Psychiatrists believe spring-onset depression may be due in part to various transitions, such as the end of the school year, ramp-up to graduations in May and June, or relocation associated with the season. “This is disruptive to routine,” said Naomi Torres-Mackie, a clinical psychologist with Lenox Hill Hospital in New York City and head of research at the Mental Health Coalition. “Any time there’s something new to get used to, it can be taxing psychologically.”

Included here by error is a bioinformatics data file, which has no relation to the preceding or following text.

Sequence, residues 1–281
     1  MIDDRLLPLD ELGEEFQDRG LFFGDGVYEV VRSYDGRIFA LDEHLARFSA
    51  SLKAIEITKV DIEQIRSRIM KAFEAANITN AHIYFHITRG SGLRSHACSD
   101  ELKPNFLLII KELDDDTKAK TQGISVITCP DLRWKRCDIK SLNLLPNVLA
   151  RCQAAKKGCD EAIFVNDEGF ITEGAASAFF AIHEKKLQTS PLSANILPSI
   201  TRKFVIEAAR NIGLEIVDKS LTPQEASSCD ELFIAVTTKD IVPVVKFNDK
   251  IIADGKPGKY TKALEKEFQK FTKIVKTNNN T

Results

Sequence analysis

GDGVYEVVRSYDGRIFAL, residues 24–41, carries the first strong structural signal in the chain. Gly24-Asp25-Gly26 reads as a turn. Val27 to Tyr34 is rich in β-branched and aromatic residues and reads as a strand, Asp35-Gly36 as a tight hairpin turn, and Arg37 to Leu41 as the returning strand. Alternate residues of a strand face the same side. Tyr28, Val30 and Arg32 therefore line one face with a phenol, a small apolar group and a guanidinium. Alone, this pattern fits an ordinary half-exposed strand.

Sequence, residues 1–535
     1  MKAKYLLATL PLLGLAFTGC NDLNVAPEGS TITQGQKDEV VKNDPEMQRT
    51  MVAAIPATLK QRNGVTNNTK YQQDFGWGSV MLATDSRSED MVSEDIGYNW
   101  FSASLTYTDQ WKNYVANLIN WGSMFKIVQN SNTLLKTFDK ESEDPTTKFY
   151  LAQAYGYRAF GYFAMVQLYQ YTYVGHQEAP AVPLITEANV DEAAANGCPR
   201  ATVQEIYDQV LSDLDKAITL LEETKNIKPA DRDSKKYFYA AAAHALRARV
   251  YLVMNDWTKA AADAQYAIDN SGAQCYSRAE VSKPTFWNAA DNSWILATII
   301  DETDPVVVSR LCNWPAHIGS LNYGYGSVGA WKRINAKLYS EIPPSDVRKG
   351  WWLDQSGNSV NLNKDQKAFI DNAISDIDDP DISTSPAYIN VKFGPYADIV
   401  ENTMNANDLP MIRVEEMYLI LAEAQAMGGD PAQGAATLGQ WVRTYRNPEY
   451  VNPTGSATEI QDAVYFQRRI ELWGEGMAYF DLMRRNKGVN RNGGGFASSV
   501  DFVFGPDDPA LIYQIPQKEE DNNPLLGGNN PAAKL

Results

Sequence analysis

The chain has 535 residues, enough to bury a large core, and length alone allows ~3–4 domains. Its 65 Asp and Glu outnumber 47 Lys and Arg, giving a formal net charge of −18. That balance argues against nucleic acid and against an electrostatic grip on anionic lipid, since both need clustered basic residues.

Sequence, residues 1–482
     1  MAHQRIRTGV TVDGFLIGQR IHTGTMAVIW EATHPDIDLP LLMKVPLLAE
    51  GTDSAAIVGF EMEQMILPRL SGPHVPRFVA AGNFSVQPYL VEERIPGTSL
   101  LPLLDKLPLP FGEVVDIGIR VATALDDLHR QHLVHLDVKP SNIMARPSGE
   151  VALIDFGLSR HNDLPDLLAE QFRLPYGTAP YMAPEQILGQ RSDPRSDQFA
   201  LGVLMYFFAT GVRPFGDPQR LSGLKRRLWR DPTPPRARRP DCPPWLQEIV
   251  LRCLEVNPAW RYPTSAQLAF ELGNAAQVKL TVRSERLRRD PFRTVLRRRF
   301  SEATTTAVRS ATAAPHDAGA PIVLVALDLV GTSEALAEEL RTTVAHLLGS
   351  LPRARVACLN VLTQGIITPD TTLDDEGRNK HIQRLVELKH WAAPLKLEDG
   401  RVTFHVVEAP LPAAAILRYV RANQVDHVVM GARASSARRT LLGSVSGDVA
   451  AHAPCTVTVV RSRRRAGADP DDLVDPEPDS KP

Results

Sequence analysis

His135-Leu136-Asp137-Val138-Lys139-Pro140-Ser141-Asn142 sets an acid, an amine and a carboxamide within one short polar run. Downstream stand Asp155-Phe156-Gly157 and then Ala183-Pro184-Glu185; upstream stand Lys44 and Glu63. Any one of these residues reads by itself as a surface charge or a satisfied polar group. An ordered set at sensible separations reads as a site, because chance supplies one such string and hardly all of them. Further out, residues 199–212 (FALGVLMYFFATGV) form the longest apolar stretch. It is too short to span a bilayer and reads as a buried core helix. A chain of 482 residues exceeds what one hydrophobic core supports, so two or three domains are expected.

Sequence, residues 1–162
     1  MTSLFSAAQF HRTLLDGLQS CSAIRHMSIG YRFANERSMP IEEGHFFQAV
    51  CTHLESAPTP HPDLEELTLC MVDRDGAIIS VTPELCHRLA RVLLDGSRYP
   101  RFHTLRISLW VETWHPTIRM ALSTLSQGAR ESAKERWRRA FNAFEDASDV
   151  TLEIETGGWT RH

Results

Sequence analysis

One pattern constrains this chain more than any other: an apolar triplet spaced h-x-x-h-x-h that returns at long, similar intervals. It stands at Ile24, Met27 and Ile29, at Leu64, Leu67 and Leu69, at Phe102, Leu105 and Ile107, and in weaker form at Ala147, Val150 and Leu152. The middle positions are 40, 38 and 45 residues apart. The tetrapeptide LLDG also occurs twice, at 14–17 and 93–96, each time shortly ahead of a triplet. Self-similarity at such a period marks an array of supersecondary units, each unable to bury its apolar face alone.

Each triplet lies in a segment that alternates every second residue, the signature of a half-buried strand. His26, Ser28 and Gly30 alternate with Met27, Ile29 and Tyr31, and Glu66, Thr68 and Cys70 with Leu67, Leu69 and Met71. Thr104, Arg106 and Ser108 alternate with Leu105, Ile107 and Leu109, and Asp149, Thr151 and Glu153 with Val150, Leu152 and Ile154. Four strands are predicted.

And if the spring isn’t living up to the expectations set during winter, it can be all that more difficult. “I think of it as the spring let-down,” Torres-Mackie said. “Feelings of disappointment can really impact your mood.”
Other stressors in warmer months can also contribute. These include travel expenses and even body-image issues when people wear less clothing, said Dr. Samar McCutcheon, associate professor of psychiatry and behavioral health at The Ohio State University Wexner Medical Center.
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- Emotional Health